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The language of "Quality": Recent developments designed to help and promote a common understanding

John Hammond

Starna Scientific Ltd, 52–54 Fowler Road, Hainault Business Park, Hainault, Essex, IG6 3UT, UK

The Irish writer George Bernard Shaw once said: “England and America are two countries divided by a common language”. Whilst this statement generally refers to the over 4000 words in everyday use in the United States that are not in British English, in the scientific world “is it metre or meter”, or for spectroscopists, nanometre or nanometer?

However, irrespective of that debate, whatever the spelling, terms such as these have associated definitions, found in various reference texts, such as dictionaries, vocabularies or databases, and if we cannot agree on the spelling, what chance of achieving consistency in definition?

Fortunately, help is at hand, and it is the recent introduction of a “Concept Database” by ISO which has prompted this article.

Detailed below are just a few of the “databases” now available, and examination of the term “Resolution” is used as an example of each.

ISO Concept database

In November 2009, ISO launched a new database that will make the benefits of using standards easier to achieve, provide users with new possibilities for achieving such benefits and cut the time necessary to develop and revise standards. In recent years, many of the technical committees that develop ISO standards have established databases to store and administer structured concept items from published standards or ones under development, such as:

  • Terms and definitions
  • Graphical symbols
  • Codes (language, country, currency etc.)
  • Units of measurement
  • Product properties
  • Data dictionaries

However, until now, no platform was available to bring together in a single source the content from more than 18,000 ISO standards developed to provide benefits to users in business, government and society. To tackle this challenge, the ISO Central Secretariat in Geneva, Switzerland, has developed a new application, the ISO Concept Database (ISO/CDB), which provides a harmonised platform for search, development and maintenance of concept content throughout the ISO standards portfolio.

The ISO/CDB will allow standards users in companies and other organisations to easily access standardised reference data, with the possibility of re-using them in their own applications.

In addition, the ISO/CDB will assist ISO technical committees in developing and maintaining concept items included in standards, helping to reduce time in developing new standards and revising existing ones.

The ability to search and compare concepts from the complete portfolio of ISO standards is expected to:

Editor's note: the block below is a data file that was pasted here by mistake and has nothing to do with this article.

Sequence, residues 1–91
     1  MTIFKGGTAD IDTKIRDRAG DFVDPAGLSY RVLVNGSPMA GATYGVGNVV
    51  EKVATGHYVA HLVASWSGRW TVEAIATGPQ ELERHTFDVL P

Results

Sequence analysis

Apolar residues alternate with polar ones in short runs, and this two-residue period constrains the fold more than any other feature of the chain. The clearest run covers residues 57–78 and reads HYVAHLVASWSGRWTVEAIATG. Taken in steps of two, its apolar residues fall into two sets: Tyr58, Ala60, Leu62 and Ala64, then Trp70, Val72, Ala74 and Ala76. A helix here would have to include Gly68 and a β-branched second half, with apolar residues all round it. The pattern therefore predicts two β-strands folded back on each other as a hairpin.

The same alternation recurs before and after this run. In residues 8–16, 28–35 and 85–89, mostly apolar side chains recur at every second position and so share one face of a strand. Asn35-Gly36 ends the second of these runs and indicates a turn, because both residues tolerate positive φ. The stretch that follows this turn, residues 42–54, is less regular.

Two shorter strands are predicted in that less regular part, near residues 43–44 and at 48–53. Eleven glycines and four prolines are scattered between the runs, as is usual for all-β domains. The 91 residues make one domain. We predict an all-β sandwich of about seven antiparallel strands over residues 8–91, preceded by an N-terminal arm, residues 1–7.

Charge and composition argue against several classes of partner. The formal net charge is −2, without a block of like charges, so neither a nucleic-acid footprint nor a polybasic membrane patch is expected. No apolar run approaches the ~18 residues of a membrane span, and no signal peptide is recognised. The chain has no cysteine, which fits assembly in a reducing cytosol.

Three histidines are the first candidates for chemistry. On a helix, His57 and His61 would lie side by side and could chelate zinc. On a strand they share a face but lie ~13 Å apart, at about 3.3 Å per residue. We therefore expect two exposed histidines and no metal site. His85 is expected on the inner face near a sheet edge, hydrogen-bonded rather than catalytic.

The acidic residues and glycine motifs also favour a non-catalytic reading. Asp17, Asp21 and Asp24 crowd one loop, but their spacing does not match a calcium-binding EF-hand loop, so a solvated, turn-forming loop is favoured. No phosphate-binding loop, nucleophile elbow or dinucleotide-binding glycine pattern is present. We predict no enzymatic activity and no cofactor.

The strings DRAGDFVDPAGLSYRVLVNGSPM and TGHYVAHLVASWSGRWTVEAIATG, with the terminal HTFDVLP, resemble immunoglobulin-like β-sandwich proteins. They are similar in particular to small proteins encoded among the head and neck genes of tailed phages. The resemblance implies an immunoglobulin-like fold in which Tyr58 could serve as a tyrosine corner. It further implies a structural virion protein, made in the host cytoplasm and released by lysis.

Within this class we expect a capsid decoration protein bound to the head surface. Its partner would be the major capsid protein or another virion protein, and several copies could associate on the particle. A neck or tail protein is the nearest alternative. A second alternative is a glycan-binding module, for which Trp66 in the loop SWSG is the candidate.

• Help ISO committees in the development and maintenance of their standards
  • Contribute to increasing consistency among standards
  • Initially, the ISO/CDB enables search of concepts in three important categories (additional ones following on):
  • Terms and definitions
  • Graphical symbols
  • Codes (country, currency, language and script).

The case of terms and definitions gives an example of the added value of the ISO/CDB. Through this application, standards experts will be able to access and compare all the instances of terms and definitions used by all ISO committees (either as a single word, or as a combination of words). This will enhance access to knowledge and make it easier to share. In turn, this will help to improve content quality, and prevent duplications and inconsistencies.

Most of the content of the ISO/CDB is publicly accessible via the direct URL http://cdb.iso.org or from ISO’s web site www.iso.org, by currently logging on as a Guest. An online tour of the CDB is available under http://www.iso.org/iso/demo_ISO-CDB.html

ASTM International

Available online for an annual subscription, ASTM’s new online edition of the ASTM Dictionary of Engineering Science and Technology contains nearly 80,000 terms and powerful interactive features. In addition to a clear and precise explanation of all 76,000+ technical terms contained in ASTM’s 12,000+ standards, the new online edition provides you:

  • Terms and definitions not commonly found in most dictionaries
  • A listing of all the ASTM standards which reference each term, as well as the ASTM committee that developed the standard
  • Hot-links from each standard designation to the full scope of the standard
  • Hot-links from the ASTM committees to specific information on that committee
  • Powerful searching tools—by main committee, phrase, keyword, designation number or alphabetically

The definition of each term was written by technical experts in their field and reflects the sense in which that field uses the term.

However, within the “My ASTM” section of the ASTM home page (accessible to ASTM International members) is a “Terminology Dictionary” which contains 76,000 terms and features expanded search options so that searches can be done by keywords that are a part of the term or definition, or further sorted by standard or committee.

IUPAC Compendium of Chemical Terminology

The Compendium is popularly referred to as the “Gold Book”, in recognition of the contribution of the late Victor Gold, who initiated work on the first edition. It is one of the series of IUPAC “Colour Books” on chemical nomenclature, terminology, symbols and units (see the list of source documents), and collects together terminology definitions from IUPAC recommendations already published in Pure and Applied Chemistry and in the other Colour Books.